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>> it's not an independent country or form of government. owe. >> you were the chosen officials at the time. whether you will be a responsible, courageous, brave and skillful fighter who pushes hong kong's democratic political system or become killers who kill hong kong's future and democracy. i believe the choice is with you officials and not us. >> andrews stevens is in hong kong and he joins us live. so andrew, no progress made beyond talks actually making place between protesters and government officials, but no concrete concessions. so what comes next? >> no concrete concessions, but those two-hour talks resulted in at least one new development. and that is the hong kong government will prepare a report
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which will then be sent to beijing, which will reflect what's happening here in hong kong, the opinions of the hong kong people about this democracy movement. obviously that will take in what the students have been saying, but also include other parts of the hong kong community as well. but there is a message from the hong kong government. protesters have been occupying this central sight for 25 days. they say they are not giving up e fight. they will stay here until they get some concrete development. i'm joined by martin lee. he fought for many, many years for more democracy here. when you see that televised debate, those discussions yesterday, what did you think? did you see any ray of hope coming from them?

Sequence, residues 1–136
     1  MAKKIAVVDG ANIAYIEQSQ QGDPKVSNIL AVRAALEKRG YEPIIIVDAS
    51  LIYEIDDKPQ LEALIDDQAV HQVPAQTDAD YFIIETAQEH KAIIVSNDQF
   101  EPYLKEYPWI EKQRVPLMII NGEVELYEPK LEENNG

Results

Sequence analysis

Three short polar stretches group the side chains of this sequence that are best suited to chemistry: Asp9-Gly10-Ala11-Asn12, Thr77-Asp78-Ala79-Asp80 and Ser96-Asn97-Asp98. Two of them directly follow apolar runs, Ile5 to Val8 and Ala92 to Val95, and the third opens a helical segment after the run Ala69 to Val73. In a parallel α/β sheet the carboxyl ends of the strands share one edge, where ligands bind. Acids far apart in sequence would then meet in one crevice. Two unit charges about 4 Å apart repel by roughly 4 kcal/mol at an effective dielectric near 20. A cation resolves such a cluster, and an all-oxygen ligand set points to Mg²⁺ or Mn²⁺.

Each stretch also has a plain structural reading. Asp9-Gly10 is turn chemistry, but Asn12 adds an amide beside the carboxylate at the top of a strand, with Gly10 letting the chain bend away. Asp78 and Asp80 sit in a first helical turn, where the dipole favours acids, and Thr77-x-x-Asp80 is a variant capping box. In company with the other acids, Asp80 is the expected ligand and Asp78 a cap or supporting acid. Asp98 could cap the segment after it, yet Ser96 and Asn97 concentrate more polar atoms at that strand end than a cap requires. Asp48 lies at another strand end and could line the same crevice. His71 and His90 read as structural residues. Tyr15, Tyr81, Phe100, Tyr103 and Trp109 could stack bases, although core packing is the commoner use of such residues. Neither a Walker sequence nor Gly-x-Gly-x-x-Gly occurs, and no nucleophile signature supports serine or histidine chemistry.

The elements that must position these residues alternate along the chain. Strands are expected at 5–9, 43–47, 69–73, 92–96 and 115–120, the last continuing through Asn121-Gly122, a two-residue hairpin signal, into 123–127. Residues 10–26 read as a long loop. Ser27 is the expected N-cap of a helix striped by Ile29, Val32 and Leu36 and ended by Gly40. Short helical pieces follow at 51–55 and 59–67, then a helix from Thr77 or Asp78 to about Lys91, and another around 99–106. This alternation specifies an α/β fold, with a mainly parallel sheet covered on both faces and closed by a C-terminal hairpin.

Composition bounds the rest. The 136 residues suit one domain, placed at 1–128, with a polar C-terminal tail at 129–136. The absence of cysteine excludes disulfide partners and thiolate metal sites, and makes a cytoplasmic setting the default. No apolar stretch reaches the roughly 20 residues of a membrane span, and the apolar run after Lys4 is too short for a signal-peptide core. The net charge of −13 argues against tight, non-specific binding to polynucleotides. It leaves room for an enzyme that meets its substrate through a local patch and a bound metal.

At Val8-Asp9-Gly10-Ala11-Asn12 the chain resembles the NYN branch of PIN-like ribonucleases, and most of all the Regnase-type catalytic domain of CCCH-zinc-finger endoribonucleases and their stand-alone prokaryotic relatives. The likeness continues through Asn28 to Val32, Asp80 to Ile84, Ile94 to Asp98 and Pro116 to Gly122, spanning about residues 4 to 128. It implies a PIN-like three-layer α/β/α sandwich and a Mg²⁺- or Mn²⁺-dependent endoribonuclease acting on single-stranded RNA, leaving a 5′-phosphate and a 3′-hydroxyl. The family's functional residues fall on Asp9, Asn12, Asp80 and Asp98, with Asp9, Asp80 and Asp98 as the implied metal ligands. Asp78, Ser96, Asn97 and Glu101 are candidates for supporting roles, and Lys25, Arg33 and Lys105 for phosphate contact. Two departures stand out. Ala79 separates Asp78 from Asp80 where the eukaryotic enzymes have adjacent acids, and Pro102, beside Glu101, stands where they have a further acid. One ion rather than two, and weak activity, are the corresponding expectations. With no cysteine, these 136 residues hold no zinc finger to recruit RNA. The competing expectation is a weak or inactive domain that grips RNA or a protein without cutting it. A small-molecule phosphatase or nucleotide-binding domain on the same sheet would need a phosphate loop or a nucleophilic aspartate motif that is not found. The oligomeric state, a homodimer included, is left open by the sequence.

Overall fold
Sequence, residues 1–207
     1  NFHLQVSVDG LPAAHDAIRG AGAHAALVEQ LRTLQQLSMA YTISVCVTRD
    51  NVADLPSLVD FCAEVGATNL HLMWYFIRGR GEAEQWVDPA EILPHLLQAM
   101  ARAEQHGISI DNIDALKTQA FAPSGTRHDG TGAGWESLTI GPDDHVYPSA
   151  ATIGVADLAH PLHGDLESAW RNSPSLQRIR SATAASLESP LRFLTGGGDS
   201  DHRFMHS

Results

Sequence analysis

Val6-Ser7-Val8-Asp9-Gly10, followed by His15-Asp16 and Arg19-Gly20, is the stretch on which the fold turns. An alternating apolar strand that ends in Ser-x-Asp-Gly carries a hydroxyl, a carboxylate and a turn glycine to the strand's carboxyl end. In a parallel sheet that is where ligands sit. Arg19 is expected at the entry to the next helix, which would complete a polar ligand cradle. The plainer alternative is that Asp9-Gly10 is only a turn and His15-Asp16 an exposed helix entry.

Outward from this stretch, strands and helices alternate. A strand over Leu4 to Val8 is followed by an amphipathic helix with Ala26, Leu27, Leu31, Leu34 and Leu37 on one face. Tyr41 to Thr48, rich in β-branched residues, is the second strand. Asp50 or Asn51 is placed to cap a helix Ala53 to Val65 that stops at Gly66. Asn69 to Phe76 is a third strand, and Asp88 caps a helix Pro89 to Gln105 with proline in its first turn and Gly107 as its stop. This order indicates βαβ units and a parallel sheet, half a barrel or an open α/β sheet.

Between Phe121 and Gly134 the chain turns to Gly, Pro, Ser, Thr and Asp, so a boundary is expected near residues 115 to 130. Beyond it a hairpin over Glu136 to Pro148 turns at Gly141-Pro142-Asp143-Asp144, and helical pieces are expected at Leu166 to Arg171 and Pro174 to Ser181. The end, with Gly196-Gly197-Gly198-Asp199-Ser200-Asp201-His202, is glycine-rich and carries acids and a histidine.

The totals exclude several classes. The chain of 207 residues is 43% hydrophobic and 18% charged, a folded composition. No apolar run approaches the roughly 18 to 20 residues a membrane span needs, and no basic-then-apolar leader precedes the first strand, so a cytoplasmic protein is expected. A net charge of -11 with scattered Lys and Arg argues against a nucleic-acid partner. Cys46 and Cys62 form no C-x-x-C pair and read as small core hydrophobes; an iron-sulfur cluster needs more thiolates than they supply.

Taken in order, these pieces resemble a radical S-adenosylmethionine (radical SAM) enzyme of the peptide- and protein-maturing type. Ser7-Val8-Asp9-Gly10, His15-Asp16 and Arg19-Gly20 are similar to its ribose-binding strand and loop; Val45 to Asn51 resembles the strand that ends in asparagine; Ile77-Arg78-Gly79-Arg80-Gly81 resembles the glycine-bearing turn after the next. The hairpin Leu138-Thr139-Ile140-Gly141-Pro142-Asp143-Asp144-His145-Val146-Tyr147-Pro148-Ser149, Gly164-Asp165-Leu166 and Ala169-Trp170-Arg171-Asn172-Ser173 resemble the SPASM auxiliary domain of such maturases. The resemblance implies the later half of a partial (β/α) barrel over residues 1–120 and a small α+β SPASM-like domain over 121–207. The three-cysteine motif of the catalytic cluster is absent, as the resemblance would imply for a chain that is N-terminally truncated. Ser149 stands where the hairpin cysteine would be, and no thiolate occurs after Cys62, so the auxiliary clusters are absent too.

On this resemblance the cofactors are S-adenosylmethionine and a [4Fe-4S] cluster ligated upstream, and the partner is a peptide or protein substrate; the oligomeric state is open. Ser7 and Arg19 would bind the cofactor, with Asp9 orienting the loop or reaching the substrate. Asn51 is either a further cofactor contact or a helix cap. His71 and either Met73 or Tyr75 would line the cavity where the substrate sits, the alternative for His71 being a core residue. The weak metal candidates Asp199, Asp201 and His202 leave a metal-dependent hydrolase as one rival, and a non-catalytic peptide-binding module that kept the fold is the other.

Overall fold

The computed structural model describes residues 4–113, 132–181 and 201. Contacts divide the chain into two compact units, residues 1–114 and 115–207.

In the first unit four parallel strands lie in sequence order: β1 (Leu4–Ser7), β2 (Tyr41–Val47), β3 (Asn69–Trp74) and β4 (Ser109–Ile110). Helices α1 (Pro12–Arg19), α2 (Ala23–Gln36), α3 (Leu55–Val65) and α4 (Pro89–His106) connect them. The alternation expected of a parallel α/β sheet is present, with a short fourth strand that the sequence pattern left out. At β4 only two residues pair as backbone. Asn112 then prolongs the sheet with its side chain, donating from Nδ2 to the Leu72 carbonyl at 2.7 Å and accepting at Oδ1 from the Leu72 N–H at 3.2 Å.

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>> yes. i see kind of a -- because the government's entrenched position has always been no con spepgs you either take this model or select all the candidates for you, or you don't get anything. but last night, there was a concession. the students were asking for democracy. at least give us a road map, a timetable. if you can not give us a full democracy now. otherwise we will go. >> but there is no road map yet, no suggestion the hong kong government gives a road map. >> no, but at least the government made a concession. they now promise a report which until yesterday they absolutely refuse to do so. >> so they will make a report, student saying they're not
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leaving. republicans saying they're not backing down. they're still polls apart. where to from here? >> i think the ball is in the government's court, or rather in beijing's court, because this government is just a puppet government. >> but beijing has given no indicati indication, in fact, that it continues to say very firmly that it will abide by the decision taken by the fsc about the next election. >> this concession report could not possibly have been lived up to the consent of beijing. so therein lies a little hope. >> just very quickly, how important is the court of public opinion here in hong kong for the success, or otherwise, of the students. if the public turns sharply against hong kong, is it all over for the students. everybody is inveengsed, one way or the other. some more seriously, particularly the shopkeepers.